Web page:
Three represent 'Tute against Olympic team

With the Winter Olympics fast approaching, three Engineers got the opportunity of a lifetime as the ECAC All-Stars faced the U.S. Women’s Olympic team as part of the Qwest Tour at Quinnipiac University on January 3. Seniors Whitney Naslund and Laura Gersten, along with junior goaltender Sonja van der Bliek, made up the 21-man roster that took on the Olympic team as it prepares for its trip to Vancouver this upcoming February. In addition, Rensselaer Head Coach John Burke was named one of the assistant coaches for the event, managing the defensive side of the ECAC squad.

The Qwest tour is a pre-Olympic tour for the women’s hockey team to warm-up and prepare for international competition in the upcoming winter games. Matchups included both collegiate teams such as the Hockey East All-Stars, the WCHA All-Stars and the University of Minnesota, as well as international opponents such as Team Canada and Team Finland.

“I had never played a hockey game with so many talented players on the ice at one time,” said Gersten. “It was a great feeling to wear the RPI helmet with the ECAC All-Star jersey. Our program has come so far in such a short time, I think it is a real testament to the administration, coaches and players that have played for RPI to have three players selected to the ECAC All-Star team.”

It was an experience like no other for the RPI representatives, with all the skaters meeting up for the first time just the night before. “The first time we met as a team was the night before the game, where we were all formally introduced to each other at a dinner. We didn’t have a chance to practice, so to me it seemed just like a pickup game, only this time it was against the best of the best,” said Naslund.

With the TD Bank Sports Center filled to capacity and an electric vibe in the air, this was no mere pickup game. The Olympians brought their A-game and spared no expenses on the ECAC All-Stars, dominating the match by a score of 8-2. Friends and family of all the players, along with Olympic fans and a horde of youth girl hockey players from the Connecticut Polar Bears Tournament all were on hand to cheer on some of the best female hockey players in the world. Even media outlets such as Sports Illustrated, ESPN, and USA Hockey were on hand to cover the contest.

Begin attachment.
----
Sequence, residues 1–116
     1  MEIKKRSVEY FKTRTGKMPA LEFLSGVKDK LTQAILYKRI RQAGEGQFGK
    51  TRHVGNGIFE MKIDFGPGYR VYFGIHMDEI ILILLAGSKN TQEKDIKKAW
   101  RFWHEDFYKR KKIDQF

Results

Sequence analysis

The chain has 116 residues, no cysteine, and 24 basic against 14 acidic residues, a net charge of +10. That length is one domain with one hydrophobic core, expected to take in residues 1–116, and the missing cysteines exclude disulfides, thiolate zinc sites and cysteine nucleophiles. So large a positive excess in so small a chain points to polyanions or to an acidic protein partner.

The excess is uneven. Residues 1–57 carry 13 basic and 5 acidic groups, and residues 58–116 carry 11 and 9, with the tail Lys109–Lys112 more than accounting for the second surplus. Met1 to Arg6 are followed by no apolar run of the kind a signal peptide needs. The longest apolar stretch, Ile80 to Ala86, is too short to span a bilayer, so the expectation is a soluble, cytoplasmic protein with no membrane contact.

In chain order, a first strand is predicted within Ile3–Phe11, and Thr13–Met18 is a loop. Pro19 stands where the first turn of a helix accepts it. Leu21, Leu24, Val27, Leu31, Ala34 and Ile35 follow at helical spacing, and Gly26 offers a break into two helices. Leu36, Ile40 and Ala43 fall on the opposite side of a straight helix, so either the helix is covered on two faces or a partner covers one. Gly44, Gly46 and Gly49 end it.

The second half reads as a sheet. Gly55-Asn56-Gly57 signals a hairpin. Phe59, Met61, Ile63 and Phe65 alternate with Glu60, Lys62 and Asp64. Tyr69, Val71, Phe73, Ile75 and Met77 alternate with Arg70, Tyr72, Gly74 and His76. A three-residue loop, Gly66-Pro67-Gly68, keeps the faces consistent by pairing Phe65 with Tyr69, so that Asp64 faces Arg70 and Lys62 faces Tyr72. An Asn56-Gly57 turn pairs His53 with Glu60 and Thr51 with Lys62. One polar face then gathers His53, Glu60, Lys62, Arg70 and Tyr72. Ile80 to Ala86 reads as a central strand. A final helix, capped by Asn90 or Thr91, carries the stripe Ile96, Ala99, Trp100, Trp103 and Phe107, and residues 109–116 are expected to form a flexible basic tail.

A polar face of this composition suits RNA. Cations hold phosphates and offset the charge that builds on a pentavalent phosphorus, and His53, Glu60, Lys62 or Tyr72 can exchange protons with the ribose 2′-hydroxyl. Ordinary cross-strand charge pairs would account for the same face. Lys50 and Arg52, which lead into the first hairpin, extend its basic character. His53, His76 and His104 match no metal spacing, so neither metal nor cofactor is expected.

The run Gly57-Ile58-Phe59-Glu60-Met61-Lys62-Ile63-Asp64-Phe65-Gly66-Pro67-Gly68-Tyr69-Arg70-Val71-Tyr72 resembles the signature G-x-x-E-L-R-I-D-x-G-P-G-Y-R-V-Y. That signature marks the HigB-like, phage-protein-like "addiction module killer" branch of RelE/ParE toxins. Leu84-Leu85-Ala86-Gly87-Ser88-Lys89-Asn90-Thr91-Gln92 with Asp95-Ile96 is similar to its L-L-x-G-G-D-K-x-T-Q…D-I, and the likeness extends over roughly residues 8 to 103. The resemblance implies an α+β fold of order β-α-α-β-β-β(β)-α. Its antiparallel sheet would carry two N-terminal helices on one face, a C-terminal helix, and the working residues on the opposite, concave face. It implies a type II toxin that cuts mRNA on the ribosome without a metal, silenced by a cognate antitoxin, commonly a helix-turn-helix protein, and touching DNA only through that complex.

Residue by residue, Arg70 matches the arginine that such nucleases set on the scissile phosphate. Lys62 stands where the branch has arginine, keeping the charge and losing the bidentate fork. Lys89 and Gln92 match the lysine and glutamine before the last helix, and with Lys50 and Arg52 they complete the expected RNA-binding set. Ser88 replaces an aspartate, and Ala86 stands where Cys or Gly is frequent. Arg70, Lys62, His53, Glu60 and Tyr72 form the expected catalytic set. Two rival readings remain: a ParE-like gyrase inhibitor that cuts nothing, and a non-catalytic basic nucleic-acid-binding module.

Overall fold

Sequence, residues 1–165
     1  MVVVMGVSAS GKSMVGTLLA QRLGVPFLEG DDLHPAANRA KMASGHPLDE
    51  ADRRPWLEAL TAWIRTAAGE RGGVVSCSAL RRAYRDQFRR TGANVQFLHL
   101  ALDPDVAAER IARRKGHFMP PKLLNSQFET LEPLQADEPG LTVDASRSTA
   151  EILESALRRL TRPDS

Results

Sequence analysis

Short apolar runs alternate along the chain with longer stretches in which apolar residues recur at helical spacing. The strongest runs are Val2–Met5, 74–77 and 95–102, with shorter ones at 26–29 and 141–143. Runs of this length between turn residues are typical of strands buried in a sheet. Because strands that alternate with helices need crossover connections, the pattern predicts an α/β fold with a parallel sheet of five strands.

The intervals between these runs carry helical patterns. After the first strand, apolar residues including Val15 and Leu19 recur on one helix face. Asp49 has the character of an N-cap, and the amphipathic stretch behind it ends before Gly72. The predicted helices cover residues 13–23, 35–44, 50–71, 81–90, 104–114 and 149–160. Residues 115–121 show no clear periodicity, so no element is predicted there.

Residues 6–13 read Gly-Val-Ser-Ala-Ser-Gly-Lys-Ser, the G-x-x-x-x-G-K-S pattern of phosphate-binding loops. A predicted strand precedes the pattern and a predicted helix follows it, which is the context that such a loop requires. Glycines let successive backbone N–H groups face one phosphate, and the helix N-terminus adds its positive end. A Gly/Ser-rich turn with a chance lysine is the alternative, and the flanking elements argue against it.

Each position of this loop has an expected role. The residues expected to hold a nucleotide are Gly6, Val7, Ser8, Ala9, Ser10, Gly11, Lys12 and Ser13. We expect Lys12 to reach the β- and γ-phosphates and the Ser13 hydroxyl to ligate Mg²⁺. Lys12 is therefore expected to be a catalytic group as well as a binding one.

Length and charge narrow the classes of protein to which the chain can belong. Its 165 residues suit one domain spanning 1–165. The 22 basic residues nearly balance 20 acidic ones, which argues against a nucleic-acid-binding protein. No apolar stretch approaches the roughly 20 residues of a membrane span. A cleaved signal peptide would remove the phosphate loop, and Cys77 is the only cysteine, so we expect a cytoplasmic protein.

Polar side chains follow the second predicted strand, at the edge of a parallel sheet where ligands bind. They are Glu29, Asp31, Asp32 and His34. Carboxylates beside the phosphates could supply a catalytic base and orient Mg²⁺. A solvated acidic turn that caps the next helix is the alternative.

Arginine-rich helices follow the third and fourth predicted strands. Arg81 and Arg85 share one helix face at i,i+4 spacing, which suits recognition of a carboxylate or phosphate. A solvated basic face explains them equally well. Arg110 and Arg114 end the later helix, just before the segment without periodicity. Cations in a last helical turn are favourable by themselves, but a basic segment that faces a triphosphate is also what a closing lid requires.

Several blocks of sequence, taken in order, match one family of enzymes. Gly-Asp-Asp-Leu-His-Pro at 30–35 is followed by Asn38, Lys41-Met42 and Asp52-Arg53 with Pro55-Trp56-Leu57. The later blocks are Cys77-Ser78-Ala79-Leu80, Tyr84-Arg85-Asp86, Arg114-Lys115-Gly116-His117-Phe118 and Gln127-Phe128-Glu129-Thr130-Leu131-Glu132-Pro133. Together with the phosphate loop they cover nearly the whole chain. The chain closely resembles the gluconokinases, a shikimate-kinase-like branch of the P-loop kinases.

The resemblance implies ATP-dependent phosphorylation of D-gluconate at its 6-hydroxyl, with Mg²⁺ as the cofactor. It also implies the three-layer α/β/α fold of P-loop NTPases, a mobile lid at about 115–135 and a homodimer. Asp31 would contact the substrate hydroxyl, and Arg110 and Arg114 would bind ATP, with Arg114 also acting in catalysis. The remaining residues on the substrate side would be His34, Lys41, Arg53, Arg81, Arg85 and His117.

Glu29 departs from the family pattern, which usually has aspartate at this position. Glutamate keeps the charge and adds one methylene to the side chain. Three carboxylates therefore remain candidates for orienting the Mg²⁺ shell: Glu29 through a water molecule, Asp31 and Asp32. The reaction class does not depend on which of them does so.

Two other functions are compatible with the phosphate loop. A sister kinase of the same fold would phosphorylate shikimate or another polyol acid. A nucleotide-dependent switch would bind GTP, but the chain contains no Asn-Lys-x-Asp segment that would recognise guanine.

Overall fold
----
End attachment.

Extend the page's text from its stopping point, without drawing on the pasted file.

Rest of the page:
Van der Bliek opened the game as the starting goaltender, blocking nine shots in the first period of play. “I was very honored to be selected as an ECAC All-Star because the ECAC is an extremely competitive league with tons of talented players,” said van der Bliek of her starting role. A true testament to the difficulty of the conference could be seen with a quick glance at the Olympic roster: Julie Chu, Caitlin Cahow, and Angela Ruggierio, all Harvard graduates, were stand-out performers on the night. Van der Bliek noted that playing against Olympians “wasn’t drastically different but it was interesting to play against some full-grown women who play internationally and who have been preparing for the 2010 Olympics.”

One of the biggest differences Naslund observed between normal collegiate play was how coherently the Olympians worked together. “The Olympic team is not only full of highly talented players. They work as a unit and do not seem to make many mistakes. I think the biggest difference is that they consistently do the little things needed to be successful. They are noticeably stronger and are players who make the most of every opportunity to exploit an opposing team’s mistake.”

Even though the All-Star team was thrown together without a single practice beforehand, and with many rivals now as teammates for this single game, it was an unforgettable event. “It was a great experience to collaborate with some of the best players from all of our rival teams,” said van der Bliek. “After getting to know a few of the girls from different teams, I do hold a certain level of respect for them and am even more excited to play against them in upcoming games.”

Naslund agreed, noting that it was a great opportunity to meet some of the opponents she has faced over the years. “It was a lot of fun playing with members of rival teams because we all already have a mutual respect for each other. I was already friends with a few players and was able to make new friends with some of the others I didn’t know previously.”

“The two days there was an overall amazing experience,” said Gersten, elated despite the loss. “When we walked into the locker room they had name plates on our stalls. It was great to be able to share the experience with two of my teammates and also one of my best friends that I grew up playing hockey with at Troy/Albany Ice Cats. We never thought we would play another game together, and to be able to share it with her was unbelievable. Our whole team traveled to Quinnipiac to watch us play, even though the roads were terrible. I couldn’t thank them enough for being so supportive. I knew no matter if I made a good play or a bad play they were there to support us on the ice.”

Despite falling 8-2 in the game, it was a positive and fun experience for all those who earned the chance to participate, as well as the full house on hand to witness the event. Throughout the game and post-game ceremonies, players from both teams could be seen beaming with happiness and smiles all around. “Just being there itself is a great memory, and being on the ice with some of the top players in the world,” explained van der Bliek. “It was also great to know that the majority of my team was in the stands supporting Whit, Laura and me.”